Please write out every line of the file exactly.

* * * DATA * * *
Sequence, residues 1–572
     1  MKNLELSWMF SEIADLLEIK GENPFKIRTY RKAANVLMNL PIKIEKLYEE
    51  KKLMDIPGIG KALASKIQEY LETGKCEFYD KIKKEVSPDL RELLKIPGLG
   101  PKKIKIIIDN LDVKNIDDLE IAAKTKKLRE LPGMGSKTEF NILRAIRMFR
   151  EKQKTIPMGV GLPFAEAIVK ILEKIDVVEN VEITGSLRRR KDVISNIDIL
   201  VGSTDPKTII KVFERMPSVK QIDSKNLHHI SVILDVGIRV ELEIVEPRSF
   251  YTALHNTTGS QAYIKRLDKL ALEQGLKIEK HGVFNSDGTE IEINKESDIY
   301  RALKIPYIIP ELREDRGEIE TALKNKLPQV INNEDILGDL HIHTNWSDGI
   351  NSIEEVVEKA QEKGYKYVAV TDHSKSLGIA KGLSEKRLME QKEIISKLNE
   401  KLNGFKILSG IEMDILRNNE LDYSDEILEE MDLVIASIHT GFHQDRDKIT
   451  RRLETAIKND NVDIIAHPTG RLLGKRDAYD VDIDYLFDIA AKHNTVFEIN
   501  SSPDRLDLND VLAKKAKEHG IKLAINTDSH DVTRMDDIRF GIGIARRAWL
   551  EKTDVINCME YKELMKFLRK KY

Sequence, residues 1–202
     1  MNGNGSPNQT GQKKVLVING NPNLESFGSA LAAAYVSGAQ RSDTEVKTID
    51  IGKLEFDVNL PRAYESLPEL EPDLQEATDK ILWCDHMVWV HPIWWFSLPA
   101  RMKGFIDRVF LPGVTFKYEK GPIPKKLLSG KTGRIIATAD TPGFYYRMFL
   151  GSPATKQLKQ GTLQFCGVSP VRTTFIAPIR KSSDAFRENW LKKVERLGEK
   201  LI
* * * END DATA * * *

Sequence, residues 1–572
     1  MKNLELSWMF SEIADLLEIK GENPFKIRTY RKAANVLMNL PIKIEKLYEE
    51  KKLMDIPGIG KALASKIQEY LETGKCEFYD KIKKEVSPDL RELLKIPGLG
   101  PKKIKIIIDN LDVKNIDDLE IAAKTKKLRE LPGMGSKTEF NILRAIRMFR
   151  EKQKTIPMGV GLPFAEAIVK ILEKIDVVEN VEITGSLRRR KDVISNIDIL
   201  VGSTDPKTII KVFERMPSVK QIDSKNLHHI SVILDVGIRV ELEIVEPRSF
   251  YTALHNTTGS QAYIKRLDKL ALEQGLKIEK HGVFNSDGTE IEINKESDIY
   301  RALKIPYIIP ELREDRGEIE TALKNKLPQV INNEDILGDL HIHTNWSDGI
   351  NSIEEVVEKA QEKGYKYVAV TDHSKSLGIA KGLSEKRLME QKEIISKLNE
   401  KLNGFKILSG IEMDILRNNE LDYSDEILEE MDLVIASIHT GFHQDRDKIT
   451  RRLETAIKND NVDIIAHPTG RLLGKRDAYD VDIDYLFDIA AKHNTVFEIN
   501  SSPDRLDLND VLAKKAKEHG IKLAINTDSH DVTRMDDIRF GIGIARRAWL
   551  EKTDVINCME YKELMKFLRK KY

Sequence, residues 1–202
     1  MNGNGSPNQT GQKKVLVING NPNLESFGSA LAAAYVSGAQ RSDTEVKTID
    51  IGKLEFDVNL PRAYESLPEL EPDLQEATDK ILWCDHMVWV HPIWWFSLPA
   101  RMKGFIDRVF LPGVTFKYEK GPIPKKLLSG KTGRIIATAD TPGFYYRMFL
   151  GSPATKQLKQ GTLQFCGVSP VRTTFIAPIR KSSDAFRENW LKKVERLGEK
   201  LI